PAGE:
WE ARE A MAGAZINE ABOUT LAW AND JUSTICE | AND THE DIFFERENCE BETWEEN THE TWO
February 02 2023
WE ARE A MAGAZINE ABOUT LAW AND JUSTICE | AND THE DIFFERENCE BETWEEN THE TWO

New government scheme to protect victims from unwanted communication from prisoners

New government scheme to protect victims from unwanted communication from prisoners

Pic: Patrick Maguire
Untitled: Patrick Maguire

Prisoners will no longer be able to contact victims of domestic abuse from prisons as a result of a new £200 million Unwanted Prisoner Contact Service scheme under the government’s Domestic Abuse Plan. The scheme is a collaboration with police forces, prison governors and victims’ services, and will invest in victim support and tackling perpetrators. It will create a ‘single hub’ for victims and support agencies ensuring a speedier response by dedicated case handlers.

The scheme will act automatically on intelligence to contact prisons and ensure no offender is able to send further communications. Victims will no longer need to request authorities’ assistance personally when they receive threatening phone calls or letters from prisoners. Instead, the supporting agencies will take the initiative and react more effectively to bar victims’ contact details.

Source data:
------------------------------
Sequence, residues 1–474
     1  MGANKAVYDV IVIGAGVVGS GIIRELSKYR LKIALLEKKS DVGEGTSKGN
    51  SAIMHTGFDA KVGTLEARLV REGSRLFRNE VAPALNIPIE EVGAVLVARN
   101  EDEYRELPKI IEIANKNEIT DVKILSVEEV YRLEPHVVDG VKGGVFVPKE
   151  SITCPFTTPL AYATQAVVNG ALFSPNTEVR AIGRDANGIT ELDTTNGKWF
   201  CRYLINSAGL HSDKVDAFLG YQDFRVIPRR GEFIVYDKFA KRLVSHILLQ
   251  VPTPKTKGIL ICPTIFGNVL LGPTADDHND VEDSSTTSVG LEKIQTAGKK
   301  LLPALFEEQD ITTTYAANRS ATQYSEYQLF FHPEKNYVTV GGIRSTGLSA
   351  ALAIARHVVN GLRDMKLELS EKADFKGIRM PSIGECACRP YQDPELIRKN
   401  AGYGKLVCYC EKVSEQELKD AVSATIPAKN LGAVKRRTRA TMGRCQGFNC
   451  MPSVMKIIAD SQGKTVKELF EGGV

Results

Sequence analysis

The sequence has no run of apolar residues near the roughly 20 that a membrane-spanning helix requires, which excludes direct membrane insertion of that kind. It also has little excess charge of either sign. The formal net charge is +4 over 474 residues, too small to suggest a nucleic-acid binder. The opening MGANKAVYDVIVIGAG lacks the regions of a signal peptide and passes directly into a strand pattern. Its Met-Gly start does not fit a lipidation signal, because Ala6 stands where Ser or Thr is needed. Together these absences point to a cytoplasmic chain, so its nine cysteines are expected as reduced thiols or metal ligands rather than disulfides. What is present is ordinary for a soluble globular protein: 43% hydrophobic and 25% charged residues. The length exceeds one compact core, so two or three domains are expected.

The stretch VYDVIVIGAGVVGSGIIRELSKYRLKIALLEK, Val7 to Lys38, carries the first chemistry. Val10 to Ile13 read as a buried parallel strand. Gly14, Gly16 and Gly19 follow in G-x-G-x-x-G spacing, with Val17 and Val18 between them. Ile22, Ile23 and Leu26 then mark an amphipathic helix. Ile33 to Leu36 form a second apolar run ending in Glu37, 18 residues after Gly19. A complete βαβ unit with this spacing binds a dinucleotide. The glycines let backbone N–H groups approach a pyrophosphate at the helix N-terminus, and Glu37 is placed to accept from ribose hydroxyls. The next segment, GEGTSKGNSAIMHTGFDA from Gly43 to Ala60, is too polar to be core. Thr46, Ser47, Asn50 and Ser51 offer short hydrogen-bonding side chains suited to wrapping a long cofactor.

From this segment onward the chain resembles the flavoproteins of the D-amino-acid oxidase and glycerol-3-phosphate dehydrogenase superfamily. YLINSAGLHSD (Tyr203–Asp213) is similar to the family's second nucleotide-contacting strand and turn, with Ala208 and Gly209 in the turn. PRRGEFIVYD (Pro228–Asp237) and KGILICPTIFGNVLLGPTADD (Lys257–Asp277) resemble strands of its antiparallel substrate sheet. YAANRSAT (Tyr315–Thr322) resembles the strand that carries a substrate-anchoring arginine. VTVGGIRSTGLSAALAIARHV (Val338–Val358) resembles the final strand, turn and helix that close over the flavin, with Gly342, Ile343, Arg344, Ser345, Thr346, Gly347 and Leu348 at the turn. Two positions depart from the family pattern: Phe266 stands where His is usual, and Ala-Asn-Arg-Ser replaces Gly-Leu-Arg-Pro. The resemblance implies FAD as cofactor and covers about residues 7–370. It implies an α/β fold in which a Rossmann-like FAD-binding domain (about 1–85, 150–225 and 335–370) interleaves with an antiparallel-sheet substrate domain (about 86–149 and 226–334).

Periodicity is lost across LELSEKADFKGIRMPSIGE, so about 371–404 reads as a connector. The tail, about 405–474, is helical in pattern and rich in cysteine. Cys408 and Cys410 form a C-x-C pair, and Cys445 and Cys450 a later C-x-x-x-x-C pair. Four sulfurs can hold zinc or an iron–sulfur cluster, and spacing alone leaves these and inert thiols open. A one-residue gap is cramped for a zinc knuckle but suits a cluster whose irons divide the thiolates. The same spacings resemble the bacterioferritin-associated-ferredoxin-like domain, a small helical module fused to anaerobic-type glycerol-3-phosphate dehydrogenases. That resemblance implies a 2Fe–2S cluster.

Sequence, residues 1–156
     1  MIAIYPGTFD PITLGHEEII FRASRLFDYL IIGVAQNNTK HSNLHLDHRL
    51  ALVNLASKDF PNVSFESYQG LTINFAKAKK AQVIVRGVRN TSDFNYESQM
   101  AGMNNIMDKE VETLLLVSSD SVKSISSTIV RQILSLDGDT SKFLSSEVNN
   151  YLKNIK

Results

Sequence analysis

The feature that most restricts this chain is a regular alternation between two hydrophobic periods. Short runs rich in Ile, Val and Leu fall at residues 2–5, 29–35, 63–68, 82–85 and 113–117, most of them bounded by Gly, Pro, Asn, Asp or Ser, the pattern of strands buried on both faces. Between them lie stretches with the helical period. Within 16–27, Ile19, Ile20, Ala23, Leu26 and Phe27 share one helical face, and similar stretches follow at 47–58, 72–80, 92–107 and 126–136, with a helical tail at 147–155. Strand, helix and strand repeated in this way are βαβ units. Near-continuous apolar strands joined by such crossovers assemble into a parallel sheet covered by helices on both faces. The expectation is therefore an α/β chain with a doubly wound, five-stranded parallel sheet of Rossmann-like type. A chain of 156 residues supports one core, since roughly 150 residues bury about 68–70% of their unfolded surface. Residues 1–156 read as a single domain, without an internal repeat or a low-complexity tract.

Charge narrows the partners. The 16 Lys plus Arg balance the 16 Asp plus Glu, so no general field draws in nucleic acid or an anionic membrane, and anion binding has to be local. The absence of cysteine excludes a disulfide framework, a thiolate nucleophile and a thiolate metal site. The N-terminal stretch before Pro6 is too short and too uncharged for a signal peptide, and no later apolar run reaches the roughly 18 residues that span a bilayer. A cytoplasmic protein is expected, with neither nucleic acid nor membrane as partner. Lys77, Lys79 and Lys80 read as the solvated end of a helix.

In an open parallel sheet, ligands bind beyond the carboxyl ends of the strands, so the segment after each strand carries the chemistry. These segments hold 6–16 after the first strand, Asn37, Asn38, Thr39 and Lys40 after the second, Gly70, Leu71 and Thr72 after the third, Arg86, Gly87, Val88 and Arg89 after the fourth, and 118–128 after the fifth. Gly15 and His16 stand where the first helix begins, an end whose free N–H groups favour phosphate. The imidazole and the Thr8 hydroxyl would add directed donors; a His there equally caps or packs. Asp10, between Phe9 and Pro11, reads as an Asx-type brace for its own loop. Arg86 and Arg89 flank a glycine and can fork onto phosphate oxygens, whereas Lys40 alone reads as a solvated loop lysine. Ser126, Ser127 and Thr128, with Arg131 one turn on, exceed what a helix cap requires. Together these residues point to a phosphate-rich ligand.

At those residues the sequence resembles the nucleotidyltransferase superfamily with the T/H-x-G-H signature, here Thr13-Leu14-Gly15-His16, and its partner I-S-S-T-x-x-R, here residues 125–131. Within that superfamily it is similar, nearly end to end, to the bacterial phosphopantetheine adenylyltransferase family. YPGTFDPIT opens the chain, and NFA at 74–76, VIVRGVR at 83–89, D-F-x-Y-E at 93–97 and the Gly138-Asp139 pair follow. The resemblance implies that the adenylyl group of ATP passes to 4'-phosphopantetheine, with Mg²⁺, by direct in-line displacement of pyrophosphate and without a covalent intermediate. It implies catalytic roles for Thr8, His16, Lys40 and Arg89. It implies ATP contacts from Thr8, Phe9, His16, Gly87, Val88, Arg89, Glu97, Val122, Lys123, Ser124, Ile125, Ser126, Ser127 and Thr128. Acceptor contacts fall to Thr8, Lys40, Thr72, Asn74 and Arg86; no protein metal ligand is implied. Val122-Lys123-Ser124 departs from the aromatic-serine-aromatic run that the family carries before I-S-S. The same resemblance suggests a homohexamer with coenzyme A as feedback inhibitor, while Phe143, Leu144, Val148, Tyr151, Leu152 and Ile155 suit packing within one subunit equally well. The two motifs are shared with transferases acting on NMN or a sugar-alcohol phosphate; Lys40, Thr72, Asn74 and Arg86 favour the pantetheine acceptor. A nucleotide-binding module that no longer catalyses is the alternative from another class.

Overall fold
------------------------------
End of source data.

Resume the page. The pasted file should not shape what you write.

The service will remove any possibility for imprisoned offenders to physically dial their victims’ number from prison landings or send out letters to their addresses. It will also prevent prisoners from using their inmates to contact victims through blocking victims’ details from all prison phones.

“This new service delivers on our commitments in the national Domestic Abuse Plan and will protect victims once their cowardly abusers are jailed. Hundreds of victims came forward to request contact was blocked,” commented Damian Hinds, Minister for Prisons and Probation.

“Unwanted contact from offenders is frightening and stressful. It can stop victims from moving on with their lives and, particularly in cases of domestic abuse, is often used to intimidate victims and continue campaigns of abuse,” echoed Diana Fawcett, Chief Executive of Victim Support.

Further implementation of the Domestic Abuse Act will continue to recognise all forms of abuse beyond physical violence. New offences will be introduced for non-fatal strangulation and ‘revenge porn’. Measures will also be adapted to prevent self-represented individuals from cross-examining alleged victims in family and civil courts.